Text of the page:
- The Washington Times - Thursday, October 15, 2009


“Maine Republican Olympia Snowe may have thrown her support behind the Democrats’ health care agenda, but Democrats still need 60 votes to pass the filibuster threshold in the Senate - and though they’ve gained Ms. Snowe, they’re losing Joe Lieberman,” the Wall Street Journal’s Kim Strassel writes at www.opinionjournal.com.

“The Connecticut independent announced [Tuesday] he couldn’t support the health care bill Sen. Max Baucus just passed through his Finance Committee. Mr. Lieberman doesn’t sit on Finance, but his vote was considered one of the 60 needed on the Senate floor. Along with specific gripes - particularly the tax on high-value health plans, hardly popular with Connecticut’s insurance industry - Mr. Lieberman criticizes the bill’s overall size and scope, saying Democrats are trying to do ‘too much’ in a recession. He also complains that it would ‘raise the price of insurance for most of the people in the country.’

“If Mr. Lieberman doesn’t like the bill now, he’s likely to be even less happy after Majority Leader Harry Reid has combined it with Sen. Chris Dodd’s more liberal product. Mr. Lieberman is on record opposing a ‘public option,’ which remains the chief desire of Senate liberals.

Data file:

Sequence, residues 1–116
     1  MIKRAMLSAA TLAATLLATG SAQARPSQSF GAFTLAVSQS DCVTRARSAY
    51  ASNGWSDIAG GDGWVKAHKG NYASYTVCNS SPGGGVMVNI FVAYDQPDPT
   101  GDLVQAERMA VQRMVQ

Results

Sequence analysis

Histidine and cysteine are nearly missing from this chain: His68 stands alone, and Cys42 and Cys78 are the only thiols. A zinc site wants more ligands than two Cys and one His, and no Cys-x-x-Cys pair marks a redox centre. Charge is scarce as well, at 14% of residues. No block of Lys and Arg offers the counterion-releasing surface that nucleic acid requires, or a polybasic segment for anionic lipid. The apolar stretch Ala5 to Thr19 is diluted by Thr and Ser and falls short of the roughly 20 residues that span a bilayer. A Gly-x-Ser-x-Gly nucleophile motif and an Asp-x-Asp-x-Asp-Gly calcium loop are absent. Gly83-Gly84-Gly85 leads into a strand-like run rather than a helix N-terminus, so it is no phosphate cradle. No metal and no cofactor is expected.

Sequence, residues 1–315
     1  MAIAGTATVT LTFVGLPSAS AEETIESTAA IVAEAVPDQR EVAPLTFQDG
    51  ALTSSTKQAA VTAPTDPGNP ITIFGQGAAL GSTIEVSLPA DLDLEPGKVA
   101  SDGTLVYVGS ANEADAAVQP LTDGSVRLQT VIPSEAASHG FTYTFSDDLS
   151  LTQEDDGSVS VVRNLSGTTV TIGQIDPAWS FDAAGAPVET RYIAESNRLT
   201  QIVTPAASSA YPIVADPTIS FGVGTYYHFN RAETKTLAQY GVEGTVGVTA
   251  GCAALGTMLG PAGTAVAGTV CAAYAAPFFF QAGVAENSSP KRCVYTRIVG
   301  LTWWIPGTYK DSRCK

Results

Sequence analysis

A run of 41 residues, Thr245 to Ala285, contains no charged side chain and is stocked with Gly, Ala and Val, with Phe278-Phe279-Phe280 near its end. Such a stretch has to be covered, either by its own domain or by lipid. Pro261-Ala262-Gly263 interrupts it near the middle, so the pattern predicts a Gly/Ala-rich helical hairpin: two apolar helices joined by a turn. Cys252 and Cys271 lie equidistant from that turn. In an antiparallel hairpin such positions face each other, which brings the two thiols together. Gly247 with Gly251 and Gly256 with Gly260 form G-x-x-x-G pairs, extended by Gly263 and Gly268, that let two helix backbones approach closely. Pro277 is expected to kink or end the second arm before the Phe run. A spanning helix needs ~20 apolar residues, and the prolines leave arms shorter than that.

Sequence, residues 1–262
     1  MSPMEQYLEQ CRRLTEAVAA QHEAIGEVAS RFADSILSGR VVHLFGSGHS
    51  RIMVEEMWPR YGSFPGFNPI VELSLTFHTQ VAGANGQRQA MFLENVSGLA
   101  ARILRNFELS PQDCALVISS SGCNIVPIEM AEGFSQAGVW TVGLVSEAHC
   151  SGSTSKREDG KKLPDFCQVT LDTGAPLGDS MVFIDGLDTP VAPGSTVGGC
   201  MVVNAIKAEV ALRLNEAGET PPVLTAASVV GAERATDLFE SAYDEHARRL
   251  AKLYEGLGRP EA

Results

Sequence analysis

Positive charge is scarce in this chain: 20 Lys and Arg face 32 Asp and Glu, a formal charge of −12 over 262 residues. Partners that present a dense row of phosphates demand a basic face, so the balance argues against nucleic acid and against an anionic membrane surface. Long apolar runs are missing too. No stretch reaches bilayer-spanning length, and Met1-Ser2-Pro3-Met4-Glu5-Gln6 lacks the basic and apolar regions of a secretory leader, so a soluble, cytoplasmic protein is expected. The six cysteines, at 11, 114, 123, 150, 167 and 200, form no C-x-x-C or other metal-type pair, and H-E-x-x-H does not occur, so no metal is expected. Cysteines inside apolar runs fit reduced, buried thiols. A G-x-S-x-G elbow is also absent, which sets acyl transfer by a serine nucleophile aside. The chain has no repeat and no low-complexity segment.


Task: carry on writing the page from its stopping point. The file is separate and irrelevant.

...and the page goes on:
“A Lieberman defection on ObamaCare would, of course, send the Netroots around the bend - those ultra-liberal activists who agitated successfully for his defeat in the 2006 Connecticut Democratic primary. But Mr. Lieberman, having faced them down to win re-election in the general election, doesn’t seem to much care about their displeasure anymore. Worse for his party’s liberals, his stance might prove an attractive example to many swing-state Democrats who still aren’t sure they want to support such a big government takeover of health care.”


“Poor President Obama. Everybody is picking on him. Some people don’t understand how hard his job is. Others are just mean and selfish,” New York Post columnist Michael Goodwin writes.

“That’s the latest White House whine, as though the most powerful man in the world is a victim of sinister domestic forces beyond his reach,” Mr. Goodwin said.

“The woe-is-me complaints suggest the occupant of the Oval Office, Nobel Prize and all, is feeling weak and small.

“Yikes. No wonder the world is ganging up on us.

“The point was driven home [Tuesday] when Russia’s foreign minister told Secretary of State Hillary Rodham Clinton that Russia was not ready to impose tougher sanctions on Iran over its nuclear program. Shockingly, Clinton reportedly agreed new sanctions were premature.

“Premature? Iran has been violating U.N. resolutions for years and is planning to get nukes and promises to use them.

“What would be the right time to get tougher - when we see a mushroom cloud?

“And sanctions, remember, are the ‘soft power’ the administration prefers, instead of military action, which is so George W. Bush. But suddenly faced with resistance, Washington now finds even sanctions too rough.

“Another report says Palestinians are losing faith in Obama. If true, they join Israelis, meaning Obama has achieved his first Mideast agreement, though not the one he promised.”